---

Members are not asked if they understand the atonement, only if they have a testimony of it. The Articles of Faith are clear: “We believe in God the Eternal Father, and in His Son, Jesus Christ....We believe that through the atonement of Christ, all mankind may be saved...We believe that the first principle...of the gospel [is]...faith in the Lord Jesus Christ” (Articles of Faith 1,3,4).

It strains credulity to claim that Church leaders meant to communicate that one could doubt the divine Sonship of Christ and likewise deny the reality or efficacy of the resurrection and atonement and still answer affirmatively to the first two temple recommend questions. There is nothing more foundational to LDS doctrine than Jesus’s divinity and ongoing redemptive power.

---

If Dehlin or others are not, at present, in harmony with the temple requirements, that is no obstacle to continued membership in the Church or the faithful fulfillment of many Church callings. What is more significant, however, is Dehlin’s distortion of the interview’s purpose and intent. Believing members regard these issues and concerns as sacred. The leaders conducting the interviews feel a solemn duty to protect members from making promises they will break. But, Dehlin urges his audience to hide the truth, and gives them the intellectual tools to justify dishonesty.

Edited by Sky

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1) I thought the part about the temple recommend worthiness was a bit over the top.

As a member of the bishopric, I am deeply interested in the temple-recommend status of my ward members. The temple-recommend status of anyone else is absolutely none of my business ... right up to the point where that person starts telling members of my ward, 'Come on, you can trust me; after all, I have a temple recommend...'

Edited by Hamba Tuhan

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I am glad to see Greg Smith's article finally published. It's a thoughtful and fair critique of Dehlin's Mormon Stories project in my view (at least as things stood when the paper was written). I also appreciated his follow-up essay with its brilliant analysis of the furor surrounding his (unread) paper in terms of moral panics, folk devils, and atrocity stories. Again, I think he's right on the money. I look forward to reading more of his work.

By the way, does anyone know if there are any plans to republish Greg's FARMS Review articles that were recently deleted from the MI website? I thought his review of George D. Smith's Nauvoo Polygamy was particularly valuable and I'm sorry to see it's currently unavailable.

Is this what you are looking for?

http://maxwellinstitute.byu.edu/publications/review/?vol=20&num=2&id=721

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John is a deeply flawed human being. He suffers from self deception. He likes to be liked. He likes to protray himself as neutral and helpful to everyone. He wants to serve God without offending the devil. He is not sure what he believes. He is a bit of an emotional exhibitionist. He has made lots of mistakes. He has said lots of things he wishes he could take back. He doesn't like criticism, or having his motives criticized. He sometimes has a bit of a grandiosity complex, thinking more highly of himself than others do. But he also has directly opposite feelings, and doubts about self worth. He has many critics in the exMormon community, and many critics in the apologetics communities. He gets things wrong, sometimes very wrong. He is indecisive. He changes his mind frequently. He can be uncharitable to others. He bites off more than he can chew. A little ADHD.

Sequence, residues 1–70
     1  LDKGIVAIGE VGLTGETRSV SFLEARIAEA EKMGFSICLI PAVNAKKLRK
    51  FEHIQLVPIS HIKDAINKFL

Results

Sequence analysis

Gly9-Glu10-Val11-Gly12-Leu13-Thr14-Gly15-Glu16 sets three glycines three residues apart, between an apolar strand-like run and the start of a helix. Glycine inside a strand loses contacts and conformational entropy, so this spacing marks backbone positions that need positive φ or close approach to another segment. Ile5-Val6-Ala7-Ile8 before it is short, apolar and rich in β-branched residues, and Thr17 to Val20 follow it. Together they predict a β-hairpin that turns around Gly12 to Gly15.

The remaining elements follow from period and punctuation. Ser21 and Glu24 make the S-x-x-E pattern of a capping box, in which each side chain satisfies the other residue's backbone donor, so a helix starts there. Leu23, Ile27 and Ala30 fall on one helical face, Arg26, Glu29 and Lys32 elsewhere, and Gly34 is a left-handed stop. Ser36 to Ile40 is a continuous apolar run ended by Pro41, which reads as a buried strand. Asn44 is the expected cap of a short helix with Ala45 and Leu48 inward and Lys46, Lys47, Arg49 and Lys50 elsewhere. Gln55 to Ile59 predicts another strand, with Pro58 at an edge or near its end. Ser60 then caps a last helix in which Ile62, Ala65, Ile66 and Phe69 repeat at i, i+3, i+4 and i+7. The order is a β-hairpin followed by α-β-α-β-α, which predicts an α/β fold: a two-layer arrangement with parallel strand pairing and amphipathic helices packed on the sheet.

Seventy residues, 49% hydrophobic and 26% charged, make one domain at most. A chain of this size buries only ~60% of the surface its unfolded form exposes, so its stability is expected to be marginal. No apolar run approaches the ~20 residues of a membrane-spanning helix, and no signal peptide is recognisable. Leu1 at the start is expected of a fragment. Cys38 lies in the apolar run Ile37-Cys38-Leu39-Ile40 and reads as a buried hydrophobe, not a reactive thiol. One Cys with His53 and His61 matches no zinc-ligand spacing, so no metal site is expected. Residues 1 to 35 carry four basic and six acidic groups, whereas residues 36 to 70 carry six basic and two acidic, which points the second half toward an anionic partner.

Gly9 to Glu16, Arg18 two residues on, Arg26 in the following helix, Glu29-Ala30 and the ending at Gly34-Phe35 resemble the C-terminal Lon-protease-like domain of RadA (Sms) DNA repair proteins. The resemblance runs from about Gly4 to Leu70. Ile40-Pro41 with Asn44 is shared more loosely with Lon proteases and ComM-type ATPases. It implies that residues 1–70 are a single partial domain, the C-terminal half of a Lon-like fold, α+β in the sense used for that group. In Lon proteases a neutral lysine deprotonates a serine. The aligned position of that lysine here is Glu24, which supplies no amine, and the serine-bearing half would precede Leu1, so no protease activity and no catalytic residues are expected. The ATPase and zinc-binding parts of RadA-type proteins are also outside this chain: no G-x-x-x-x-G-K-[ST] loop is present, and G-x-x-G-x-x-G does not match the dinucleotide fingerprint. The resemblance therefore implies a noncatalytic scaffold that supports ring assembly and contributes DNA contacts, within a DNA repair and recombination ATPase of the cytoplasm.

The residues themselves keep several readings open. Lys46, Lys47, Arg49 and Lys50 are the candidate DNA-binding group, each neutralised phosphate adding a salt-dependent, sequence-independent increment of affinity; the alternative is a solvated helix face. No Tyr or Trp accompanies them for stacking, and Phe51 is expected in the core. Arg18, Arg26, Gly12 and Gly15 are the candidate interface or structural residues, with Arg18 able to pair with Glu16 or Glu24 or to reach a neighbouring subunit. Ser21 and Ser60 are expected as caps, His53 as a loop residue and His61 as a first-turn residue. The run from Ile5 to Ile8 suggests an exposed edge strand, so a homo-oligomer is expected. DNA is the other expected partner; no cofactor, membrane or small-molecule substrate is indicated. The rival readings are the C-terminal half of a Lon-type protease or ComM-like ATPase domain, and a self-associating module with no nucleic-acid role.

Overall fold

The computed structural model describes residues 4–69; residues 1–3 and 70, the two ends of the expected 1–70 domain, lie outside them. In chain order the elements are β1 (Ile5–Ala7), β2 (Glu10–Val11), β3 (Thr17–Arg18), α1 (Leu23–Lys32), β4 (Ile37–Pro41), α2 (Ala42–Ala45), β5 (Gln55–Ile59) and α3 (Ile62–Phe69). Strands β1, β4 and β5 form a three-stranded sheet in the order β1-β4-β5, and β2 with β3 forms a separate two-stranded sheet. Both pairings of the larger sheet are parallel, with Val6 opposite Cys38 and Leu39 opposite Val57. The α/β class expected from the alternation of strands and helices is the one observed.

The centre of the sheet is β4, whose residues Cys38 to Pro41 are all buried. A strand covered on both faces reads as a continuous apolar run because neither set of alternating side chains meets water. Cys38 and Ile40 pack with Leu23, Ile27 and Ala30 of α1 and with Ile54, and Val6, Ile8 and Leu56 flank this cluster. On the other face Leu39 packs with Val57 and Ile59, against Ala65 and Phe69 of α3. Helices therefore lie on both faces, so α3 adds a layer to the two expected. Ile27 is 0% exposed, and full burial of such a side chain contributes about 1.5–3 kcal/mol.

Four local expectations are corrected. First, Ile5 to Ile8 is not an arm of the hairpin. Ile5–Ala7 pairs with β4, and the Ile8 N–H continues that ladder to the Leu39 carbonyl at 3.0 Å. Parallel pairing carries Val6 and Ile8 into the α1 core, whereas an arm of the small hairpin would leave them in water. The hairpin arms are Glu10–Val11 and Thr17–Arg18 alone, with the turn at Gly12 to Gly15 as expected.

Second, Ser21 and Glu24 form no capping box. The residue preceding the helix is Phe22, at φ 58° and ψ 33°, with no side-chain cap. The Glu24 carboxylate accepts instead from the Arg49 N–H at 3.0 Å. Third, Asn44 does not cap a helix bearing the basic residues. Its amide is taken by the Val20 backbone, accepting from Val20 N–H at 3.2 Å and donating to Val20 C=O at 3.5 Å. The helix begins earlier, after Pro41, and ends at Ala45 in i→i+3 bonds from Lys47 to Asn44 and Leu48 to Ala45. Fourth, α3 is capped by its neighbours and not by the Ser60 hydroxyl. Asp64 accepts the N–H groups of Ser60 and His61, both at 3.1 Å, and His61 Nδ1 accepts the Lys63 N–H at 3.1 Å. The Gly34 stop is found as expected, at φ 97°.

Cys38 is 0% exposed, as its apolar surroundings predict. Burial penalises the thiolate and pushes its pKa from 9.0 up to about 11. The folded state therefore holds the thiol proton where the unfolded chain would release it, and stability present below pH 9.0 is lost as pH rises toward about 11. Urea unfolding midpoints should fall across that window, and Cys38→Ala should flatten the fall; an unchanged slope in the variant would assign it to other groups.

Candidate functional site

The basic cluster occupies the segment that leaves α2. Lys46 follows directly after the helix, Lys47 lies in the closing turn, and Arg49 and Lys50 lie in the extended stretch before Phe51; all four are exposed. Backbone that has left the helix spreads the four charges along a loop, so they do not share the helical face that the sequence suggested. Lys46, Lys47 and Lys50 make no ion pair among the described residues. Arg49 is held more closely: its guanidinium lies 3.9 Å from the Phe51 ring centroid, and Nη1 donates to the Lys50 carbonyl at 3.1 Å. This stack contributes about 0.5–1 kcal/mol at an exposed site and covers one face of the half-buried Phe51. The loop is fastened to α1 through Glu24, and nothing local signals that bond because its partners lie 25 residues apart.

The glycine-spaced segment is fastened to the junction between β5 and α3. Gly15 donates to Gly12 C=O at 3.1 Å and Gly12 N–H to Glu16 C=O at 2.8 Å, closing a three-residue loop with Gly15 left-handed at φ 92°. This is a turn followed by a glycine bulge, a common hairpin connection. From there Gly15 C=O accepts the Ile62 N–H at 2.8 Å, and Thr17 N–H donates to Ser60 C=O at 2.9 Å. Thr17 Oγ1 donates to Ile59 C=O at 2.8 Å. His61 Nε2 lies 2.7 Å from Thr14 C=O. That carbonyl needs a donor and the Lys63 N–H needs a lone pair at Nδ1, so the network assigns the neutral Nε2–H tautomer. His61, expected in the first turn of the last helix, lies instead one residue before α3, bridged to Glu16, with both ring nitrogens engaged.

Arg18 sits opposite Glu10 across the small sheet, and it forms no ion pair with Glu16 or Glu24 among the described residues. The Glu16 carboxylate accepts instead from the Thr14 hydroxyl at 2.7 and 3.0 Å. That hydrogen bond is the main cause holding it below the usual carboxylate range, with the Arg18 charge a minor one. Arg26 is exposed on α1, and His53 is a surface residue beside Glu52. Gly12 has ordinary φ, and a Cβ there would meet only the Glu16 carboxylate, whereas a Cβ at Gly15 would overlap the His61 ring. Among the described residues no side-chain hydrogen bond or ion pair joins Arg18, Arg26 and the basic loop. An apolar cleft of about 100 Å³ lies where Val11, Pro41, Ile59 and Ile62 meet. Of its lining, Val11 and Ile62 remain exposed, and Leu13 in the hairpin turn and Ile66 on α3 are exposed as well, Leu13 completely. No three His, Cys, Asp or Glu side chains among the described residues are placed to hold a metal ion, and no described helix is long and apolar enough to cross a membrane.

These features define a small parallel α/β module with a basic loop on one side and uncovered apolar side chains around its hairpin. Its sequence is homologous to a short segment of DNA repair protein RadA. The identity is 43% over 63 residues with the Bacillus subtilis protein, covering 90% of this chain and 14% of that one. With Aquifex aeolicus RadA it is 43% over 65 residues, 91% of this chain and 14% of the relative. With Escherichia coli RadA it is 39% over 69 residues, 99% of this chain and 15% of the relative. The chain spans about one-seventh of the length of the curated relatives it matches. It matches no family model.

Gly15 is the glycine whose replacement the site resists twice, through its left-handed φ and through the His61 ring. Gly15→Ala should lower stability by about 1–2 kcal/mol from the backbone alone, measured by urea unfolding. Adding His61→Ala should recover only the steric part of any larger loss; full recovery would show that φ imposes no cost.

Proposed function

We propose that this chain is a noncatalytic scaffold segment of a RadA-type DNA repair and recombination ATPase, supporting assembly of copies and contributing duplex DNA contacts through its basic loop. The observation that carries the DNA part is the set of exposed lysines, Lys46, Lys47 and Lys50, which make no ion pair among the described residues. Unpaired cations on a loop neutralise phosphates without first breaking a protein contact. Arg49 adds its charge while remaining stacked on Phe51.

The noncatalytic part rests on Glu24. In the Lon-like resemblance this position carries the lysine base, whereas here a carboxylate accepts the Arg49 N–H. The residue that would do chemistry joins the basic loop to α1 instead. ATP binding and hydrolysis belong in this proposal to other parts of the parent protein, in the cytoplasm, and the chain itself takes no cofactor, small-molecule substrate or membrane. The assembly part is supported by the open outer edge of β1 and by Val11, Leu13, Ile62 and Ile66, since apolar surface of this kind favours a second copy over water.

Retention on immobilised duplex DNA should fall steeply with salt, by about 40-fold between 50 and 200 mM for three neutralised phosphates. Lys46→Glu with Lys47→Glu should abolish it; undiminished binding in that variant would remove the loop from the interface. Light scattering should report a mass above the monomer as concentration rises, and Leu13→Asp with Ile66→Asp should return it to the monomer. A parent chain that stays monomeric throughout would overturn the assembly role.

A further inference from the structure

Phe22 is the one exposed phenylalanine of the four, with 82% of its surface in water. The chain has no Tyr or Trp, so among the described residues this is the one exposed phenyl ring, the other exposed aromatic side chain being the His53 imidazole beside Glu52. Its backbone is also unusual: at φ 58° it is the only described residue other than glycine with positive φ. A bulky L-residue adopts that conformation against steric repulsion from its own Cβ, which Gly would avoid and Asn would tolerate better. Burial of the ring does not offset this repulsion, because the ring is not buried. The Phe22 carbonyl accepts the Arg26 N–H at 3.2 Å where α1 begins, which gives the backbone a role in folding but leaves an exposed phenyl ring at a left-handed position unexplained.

But I like John. For all of those reasons, I like him. He is human, and that means flawed. I believe he is trying to be the best person he can. Failing at it many times. I believe he is trying to be honest and authentic and transparent. He is trying to help people. Maybe doing it wrong. Doing it differently from the way I would. But he is striving. For me, Mormonism means striving for goodness and truth. In that sense, I believe John is a great and magnificent Mormon.

I could write similar psychological profiles of John's critics. But by and large, I think they too (both exMormon and apologists) are honestly striving for goodness and truth--perhaps in the wrong way, but they are trying. In my book, that is what counts. Blessings to all.

Namaste.

But does that mean his work should not be criticized when it is in error?

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Is any of this any of your business? How about we leave it between him, his stake president,bishop and God? Who appointed you judge, jury and executioner?

To the extent he makes himself a public figure and to the extent he publicizes these views it becomes the business of others. His reparation efforts with his stake president should have been confidential but to a certain extent he (John) has made them public. When one seeks public attention then one should have no expectation of privacy for what they have revealed publicly.

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I am suggesting he does not have to own up to you Wade. Owning up to his past is between him and his leaders and God. That's it. I know that may be tough for you to understand.

But when his past has been so public shouldn't his "owning up" also be public?

Edited by ERayR

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The only reason the temple recommend issue is relevant is that Dehlin has been publicly teaching people that they should equivocate and dissimulate when answering temple recommend questions.